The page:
Find all your DIY electronics in the MakerShed. 3D Printing, Kits, Arduino, Raspberry Pi, Books & more!

Aerogels are fascinating materials, with lots of interesting and, frankly, amazing properties, but they are not easy to make. These days, industrial manufacture with an eye towards commercial applications, primarily as thermal insulators, is bringing the price down some, at least for granules, but larger pieces still cost around $50 US per cubic inch.

Ben Krasnow, impressively, has made his own, using a homemade supercritical drying apparatus. If you want to get a feel for what goes into making this material, and/or understand why it’s so expensive, and/or try to make some yourself, check out his recent post on the subject. [Thanks, Ben!]

More:

Sean Michael Ragan

I am descended from 5,000 generations of tool-using primates. Also, I went to college and stuff. I write for MAKE, serve as Technical Editor for MAKE magazine, and develop original DIY content for Make: Projects.


Related

Comments

  1. Carlos says:

    Hey my names Carlos I live in the Santa Clara County I’m a highschool student who’s interested in making aerogel and was wondering if maybe I could buy some tetramethylsilane?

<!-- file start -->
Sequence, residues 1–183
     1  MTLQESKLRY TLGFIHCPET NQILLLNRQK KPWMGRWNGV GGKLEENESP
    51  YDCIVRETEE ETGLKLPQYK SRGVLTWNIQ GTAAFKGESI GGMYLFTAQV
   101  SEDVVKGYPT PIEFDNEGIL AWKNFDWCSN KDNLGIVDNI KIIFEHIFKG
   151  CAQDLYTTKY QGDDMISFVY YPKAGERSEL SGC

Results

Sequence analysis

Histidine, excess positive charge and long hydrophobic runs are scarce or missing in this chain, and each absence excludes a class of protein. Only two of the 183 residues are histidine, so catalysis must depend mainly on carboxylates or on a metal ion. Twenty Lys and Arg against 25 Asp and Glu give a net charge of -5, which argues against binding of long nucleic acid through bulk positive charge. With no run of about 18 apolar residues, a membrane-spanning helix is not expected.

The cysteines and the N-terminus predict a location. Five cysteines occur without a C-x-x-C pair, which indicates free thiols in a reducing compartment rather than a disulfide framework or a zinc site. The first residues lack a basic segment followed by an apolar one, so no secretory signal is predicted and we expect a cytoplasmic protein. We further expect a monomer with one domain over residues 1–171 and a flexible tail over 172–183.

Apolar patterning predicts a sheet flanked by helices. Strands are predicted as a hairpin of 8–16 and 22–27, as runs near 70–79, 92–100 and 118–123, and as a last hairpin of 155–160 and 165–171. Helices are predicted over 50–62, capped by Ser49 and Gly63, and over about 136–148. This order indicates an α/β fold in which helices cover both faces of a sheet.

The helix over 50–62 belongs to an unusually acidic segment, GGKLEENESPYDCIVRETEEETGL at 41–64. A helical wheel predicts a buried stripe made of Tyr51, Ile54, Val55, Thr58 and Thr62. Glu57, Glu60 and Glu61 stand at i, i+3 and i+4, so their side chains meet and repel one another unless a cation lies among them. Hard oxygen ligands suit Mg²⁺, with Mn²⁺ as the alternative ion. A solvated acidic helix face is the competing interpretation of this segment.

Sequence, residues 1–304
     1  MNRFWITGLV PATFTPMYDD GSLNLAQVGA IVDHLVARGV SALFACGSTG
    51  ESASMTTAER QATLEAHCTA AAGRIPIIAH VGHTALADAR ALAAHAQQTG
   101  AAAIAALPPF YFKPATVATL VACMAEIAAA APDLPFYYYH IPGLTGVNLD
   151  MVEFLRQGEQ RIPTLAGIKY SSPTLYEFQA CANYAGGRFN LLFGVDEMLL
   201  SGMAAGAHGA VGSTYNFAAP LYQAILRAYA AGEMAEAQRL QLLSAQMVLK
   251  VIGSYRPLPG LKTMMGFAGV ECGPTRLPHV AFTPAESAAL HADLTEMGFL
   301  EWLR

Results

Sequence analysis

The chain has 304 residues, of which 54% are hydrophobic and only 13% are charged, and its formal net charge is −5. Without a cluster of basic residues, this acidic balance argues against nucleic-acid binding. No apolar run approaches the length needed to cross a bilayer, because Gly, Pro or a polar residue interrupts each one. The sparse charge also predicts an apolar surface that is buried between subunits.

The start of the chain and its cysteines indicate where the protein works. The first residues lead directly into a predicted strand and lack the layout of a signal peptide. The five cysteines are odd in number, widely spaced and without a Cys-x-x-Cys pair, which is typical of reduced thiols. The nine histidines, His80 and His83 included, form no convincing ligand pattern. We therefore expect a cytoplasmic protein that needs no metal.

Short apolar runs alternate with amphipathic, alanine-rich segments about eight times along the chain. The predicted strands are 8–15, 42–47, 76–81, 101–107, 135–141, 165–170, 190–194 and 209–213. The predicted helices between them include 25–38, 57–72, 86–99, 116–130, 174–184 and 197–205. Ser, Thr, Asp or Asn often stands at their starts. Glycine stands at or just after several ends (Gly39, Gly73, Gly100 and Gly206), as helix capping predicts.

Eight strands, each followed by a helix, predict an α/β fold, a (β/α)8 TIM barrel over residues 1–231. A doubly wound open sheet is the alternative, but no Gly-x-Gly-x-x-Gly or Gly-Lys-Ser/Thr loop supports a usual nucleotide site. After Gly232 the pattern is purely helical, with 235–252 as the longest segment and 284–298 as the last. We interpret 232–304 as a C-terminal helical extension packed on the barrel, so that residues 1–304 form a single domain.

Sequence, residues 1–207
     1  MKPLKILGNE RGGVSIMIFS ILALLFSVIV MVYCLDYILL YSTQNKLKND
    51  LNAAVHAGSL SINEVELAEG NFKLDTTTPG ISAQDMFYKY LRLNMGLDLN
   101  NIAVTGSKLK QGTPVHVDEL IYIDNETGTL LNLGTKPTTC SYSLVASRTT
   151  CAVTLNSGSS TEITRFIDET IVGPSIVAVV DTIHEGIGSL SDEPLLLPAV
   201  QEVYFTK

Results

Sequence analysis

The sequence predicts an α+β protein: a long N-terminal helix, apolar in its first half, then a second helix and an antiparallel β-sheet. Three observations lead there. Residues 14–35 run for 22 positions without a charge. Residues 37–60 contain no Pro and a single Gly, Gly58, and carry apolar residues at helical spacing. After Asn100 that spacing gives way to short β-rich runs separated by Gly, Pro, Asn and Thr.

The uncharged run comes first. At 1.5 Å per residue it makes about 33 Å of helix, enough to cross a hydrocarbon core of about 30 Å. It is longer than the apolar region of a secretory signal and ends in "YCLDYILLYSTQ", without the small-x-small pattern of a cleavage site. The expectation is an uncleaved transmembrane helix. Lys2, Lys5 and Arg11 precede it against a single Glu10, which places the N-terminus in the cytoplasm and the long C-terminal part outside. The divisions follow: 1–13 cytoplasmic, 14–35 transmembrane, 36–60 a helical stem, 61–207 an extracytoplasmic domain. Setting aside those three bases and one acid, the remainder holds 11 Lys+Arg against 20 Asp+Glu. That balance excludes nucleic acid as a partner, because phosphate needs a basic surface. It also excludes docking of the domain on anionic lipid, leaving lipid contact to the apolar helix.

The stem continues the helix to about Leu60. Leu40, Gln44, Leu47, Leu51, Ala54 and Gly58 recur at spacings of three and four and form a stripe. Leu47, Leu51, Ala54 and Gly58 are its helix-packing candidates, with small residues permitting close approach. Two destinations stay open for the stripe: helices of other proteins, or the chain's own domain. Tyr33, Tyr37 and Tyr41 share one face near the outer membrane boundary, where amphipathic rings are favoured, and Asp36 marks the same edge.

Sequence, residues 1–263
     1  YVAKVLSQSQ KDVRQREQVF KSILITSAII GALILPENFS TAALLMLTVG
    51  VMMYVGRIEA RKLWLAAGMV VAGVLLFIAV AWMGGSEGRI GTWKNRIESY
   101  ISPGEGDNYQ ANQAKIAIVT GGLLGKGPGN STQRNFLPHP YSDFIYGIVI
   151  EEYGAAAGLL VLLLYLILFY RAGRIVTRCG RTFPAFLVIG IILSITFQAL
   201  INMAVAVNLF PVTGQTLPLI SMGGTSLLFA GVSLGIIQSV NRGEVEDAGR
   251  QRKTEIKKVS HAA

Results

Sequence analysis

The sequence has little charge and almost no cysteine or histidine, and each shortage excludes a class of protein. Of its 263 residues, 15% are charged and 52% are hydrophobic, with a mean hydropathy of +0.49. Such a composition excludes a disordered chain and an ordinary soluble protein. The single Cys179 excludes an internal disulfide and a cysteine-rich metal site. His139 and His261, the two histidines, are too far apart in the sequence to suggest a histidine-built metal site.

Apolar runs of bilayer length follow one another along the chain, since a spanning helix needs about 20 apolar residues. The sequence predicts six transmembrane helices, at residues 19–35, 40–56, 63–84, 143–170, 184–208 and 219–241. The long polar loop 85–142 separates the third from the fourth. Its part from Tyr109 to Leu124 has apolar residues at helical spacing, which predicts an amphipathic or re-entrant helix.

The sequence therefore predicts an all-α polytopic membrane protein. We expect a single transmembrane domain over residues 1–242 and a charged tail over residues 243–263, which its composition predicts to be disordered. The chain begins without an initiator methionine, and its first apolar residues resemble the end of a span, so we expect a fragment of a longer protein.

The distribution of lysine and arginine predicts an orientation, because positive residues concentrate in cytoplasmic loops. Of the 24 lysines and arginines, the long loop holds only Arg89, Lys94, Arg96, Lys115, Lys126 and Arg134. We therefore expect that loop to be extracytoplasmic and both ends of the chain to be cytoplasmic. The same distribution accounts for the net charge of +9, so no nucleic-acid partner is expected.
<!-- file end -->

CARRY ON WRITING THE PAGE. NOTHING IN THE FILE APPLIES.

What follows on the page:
2. James McGoff says:

    Hello,

    I am doing a school project that requires me to build an insulated container, much a cooler. I need this to preserve temperatures for up to 18 hours despite ambient temperatures ranging from -4C to 37C. Obviously, I thought I’d use aerogel as the main component for the insulation. I ordered some and have been confused by the insulation properties, here’s what I mean:

    1. I will place about 700cc of granular aerogel into a plastic kitchen container.
    2. I will place some ice (4-5 cubes) in a small plastic bag, seal it, and bury it down within the aerogel.
    3. I will put a lid on this and let it sit at room temperature.

    Now, the reason that I have been disappointed is that the ice will only last perhaps 6-7 hours before melting. Surely there is a way to improve this. I was thinking that perhaps, since I am using granule aerogel, the air trapped between the particles is the convective heat transfer pathway.

    If I were to vacuum all of the air out of the bag, do you think the ice within would last any longer?

    Thank you for your time and help!

    -James (james.mcgoff@gmail.com)

  3. Shannon says:

    Thank you for your video. Very interesting. After seeing how difficult it is to make even with the right chemicals on-hand, I think I’ll just buy some. Are there any cool home experiments you can do once you have silica aerogel?